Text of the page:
Fighting the flu? Winter Wellness Begins with Good Oral Hygiene

It’s that time of year again, and we aren’t referring to gifts under a tree, lights on a menorah, or visions of sugar plums dancing in children's heads. It’s the start of flu season, where millions begin to contract colds and respiratory infections during the winter months. While some of the joy of the holidays comes from enjoying sweet treats and taking a break from healthy routines, this indulgence can come with a price on your child’s overall health.

Fast-forward through the festivities, and we begin the classic tale of children waking up with a runny nose, wet cough, high temperature, and sore throat. After all, germs are everywhere, and while most kids aren’t fans of sharing, when it comes to spreading bacteria and viruses, they are extremely generous. According to the Centers for Disease Control and Prevention, most children will begin to get colds after about six months of age when their immunity fades from their mother, and they have to build up their own immune system. In fact, babies, toddlers, and preschoolers will have about seven to eight colds every year! While every parent expects their child to get sick, they may not expect that good oral hygiene is an important factor in preventing illnesses.

 

Maybe oral hygiene isn’t the first thing that comes to mind when dealing with a cold, however, there is more to that connection than one would think. In fact, poor oral hygiene has a series of detrimental effects on health, causing cavities gingivitis, periodontitis, halitosis and tonsillitis. Often children who have sore throats due to viruses also have a cold at the same time.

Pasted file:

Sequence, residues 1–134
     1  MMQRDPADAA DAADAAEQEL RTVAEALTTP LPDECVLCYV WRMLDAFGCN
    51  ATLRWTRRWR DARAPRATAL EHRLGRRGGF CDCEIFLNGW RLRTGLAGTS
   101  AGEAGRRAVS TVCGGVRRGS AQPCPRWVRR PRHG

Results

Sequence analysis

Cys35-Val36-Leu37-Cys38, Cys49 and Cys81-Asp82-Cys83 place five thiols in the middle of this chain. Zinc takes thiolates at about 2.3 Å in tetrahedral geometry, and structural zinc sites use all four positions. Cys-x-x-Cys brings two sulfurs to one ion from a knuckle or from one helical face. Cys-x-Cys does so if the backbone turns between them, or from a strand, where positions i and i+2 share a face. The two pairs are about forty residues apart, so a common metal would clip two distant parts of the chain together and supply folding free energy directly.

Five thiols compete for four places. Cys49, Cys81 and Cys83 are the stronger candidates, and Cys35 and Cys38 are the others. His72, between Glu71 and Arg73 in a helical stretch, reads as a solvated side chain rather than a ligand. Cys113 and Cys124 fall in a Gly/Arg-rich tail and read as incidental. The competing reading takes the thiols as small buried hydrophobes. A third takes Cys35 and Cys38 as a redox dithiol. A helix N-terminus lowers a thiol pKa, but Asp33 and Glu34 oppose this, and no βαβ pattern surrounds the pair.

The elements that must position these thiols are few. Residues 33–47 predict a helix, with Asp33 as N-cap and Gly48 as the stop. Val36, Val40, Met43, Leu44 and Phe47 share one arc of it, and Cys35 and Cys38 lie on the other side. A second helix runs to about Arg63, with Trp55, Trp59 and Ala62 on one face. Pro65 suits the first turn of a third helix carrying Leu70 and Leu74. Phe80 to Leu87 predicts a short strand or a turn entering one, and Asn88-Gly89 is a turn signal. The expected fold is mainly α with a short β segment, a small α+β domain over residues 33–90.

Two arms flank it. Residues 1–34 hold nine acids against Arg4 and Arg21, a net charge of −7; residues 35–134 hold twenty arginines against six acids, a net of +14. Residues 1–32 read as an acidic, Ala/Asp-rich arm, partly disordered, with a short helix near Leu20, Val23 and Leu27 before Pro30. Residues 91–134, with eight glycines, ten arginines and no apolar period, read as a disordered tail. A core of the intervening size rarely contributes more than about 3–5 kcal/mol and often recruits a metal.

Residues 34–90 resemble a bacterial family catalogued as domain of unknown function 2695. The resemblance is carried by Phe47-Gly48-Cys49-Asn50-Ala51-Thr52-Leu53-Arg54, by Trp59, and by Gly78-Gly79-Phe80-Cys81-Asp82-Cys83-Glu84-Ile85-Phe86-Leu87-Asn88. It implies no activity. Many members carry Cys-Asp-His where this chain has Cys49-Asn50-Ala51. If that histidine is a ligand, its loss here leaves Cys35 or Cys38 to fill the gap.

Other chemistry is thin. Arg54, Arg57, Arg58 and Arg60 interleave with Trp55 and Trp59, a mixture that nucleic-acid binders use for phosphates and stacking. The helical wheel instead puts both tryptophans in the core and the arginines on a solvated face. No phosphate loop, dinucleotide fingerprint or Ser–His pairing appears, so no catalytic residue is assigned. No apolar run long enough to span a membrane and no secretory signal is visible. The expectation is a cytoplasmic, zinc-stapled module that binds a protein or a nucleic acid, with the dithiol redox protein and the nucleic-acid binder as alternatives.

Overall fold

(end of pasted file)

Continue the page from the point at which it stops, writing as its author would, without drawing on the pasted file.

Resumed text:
If your child is suffering from a sore throat due to dental or oral irritation, they will typically show some or all of the following symptoms:

  • Pain and difficulty swallowing
  • Swollen tongue
  • Sensitivity to hot or cold foods
  • Blisters
  • Red or white spots on the throat or tongue
  • Fever
  • Sweating and the chills

Catching a cold can be quite miserable, both for the child and the parents. In most cases, the simple solution is an over-the-counter cold medicine to reduce symptoms. What most parents may not be aware of is that cold medications are loaded with sugar, and too much can harm the gums and teeth, ultimately, resulting in tooth decay. While there are sugar-free alternatives, many parents have limited time and access to those resources. Instead, here are a few realistic ways to reduce the risk of tooth decay when consuming over-the-counter liquid syrups:

  • Eat and stay hydrated. Saliva increases when eating, so it can to wash away any sugars and acids.
  • Avoid taking cough medicine right before bed. Brush your teeth after you take your medicine, so the sugars and acids stay on your teeth all night.
  • Try a pill form of the medicine instead of a liquid. This eliminates any ingredients that come in contact with teeth.

Keeping the germs at bay is almost impossible in the world of a child, however, by maintaining the health of their gums and teeth, you can keep your child healthy longer.

Having a healthy smile is important for every season of the year. Looking for a New Year’s resolution? Start with good oral hygiene!

Source: Centers for Disease Control and Prevention; American Academy of Pediatric Dentistry

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